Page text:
In view of human immunodeficiency virus (HIV) infection identified, the number of children infected with HIV has risen dramatically in developing countries. HIV can be mediated during sexual intercourse, pregnancy, childbirth, breastfeeding, and other forms of exposure to bodily fluids that carry the virus. HIV infections in children result from mother-to-child-transmission, where the virus is progressed from a mother living with HIV to her baby during pregnancy, childbirth, or breastfeeding. While the precise mechanisms for viral transmission during pregnancy is not entirely understood, the risk of this form of transmission increases in direct relation to the severity of the mother’s HIV infection.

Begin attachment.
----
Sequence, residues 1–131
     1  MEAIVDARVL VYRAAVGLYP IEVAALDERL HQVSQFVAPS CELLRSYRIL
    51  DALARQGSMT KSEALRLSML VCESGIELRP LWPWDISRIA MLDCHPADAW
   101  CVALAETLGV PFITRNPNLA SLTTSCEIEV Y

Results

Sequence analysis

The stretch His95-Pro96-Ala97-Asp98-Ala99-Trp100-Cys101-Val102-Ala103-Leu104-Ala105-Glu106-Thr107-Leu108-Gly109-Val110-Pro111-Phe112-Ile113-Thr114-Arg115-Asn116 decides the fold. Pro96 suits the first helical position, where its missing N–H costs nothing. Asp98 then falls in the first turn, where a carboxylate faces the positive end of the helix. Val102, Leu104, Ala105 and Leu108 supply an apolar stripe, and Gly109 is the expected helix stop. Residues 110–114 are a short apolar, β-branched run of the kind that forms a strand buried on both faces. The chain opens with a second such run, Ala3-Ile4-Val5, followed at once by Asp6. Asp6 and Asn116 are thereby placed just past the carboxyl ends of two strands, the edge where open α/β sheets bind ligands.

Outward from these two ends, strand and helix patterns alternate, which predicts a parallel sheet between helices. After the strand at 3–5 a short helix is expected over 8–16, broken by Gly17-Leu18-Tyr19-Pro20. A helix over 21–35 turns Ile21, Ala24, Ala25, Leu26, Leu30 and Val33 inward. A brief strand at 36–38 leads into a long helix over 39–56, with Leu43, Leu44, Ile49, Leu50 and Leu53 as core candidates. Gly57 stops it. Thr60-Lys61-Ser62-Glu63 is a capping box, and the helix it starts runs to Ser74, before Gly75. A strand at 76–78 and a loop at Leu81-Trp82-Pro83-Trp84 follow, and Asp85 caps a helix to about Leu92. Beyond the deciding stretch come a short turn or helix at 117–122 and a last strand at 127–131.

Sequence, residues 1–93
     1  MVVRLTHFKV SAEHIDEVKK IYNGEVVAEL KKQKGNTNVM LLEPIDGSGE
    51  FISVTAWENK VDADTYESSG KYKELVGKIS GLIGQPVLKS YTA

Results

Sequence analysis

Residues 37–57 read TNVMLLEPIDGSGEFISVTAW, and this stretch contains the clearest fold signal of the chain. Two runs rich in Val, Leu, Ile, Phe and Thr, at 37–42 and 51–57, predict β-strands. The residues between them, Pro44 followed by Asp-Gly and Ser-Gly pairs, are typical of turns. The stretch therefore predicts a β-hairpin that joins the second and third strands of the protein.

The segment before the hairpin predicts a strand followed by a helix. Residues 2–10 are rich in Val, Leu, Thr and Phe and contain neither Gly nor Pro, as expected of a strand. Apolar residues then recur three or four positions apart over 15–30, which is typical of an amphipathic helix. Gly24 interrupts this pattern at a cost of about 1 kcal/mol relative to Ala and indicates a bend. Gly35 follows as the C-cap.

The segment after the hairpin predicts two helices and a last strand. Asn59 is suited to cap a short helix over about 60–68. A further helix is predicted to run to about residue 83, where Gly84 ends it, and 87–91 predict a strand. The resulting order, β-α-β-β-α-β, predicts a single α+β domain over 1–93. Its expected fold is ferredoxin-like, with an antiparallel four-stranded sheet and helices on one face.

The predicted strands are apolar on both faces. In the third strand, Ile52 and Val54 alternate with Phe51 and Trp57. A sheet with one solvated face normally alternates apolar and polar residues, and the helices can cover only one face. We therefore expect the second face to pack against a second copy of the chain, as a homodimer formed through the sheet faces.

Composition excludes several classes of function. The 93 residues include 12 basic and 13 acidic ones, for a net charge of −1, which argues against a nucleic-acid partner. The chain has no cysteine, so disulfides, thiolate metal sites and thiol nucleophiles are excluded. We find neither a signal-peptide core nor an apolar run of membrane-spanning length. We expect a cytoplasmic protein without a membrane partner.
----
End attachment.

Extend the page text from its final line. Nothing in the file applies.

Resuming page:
Because children’s immune systems are not fully matured, children living with HIV get sick more severely than adults. They may experience the same common pediatric infections as HIV-negative children, but cannot fight these infections as effectively.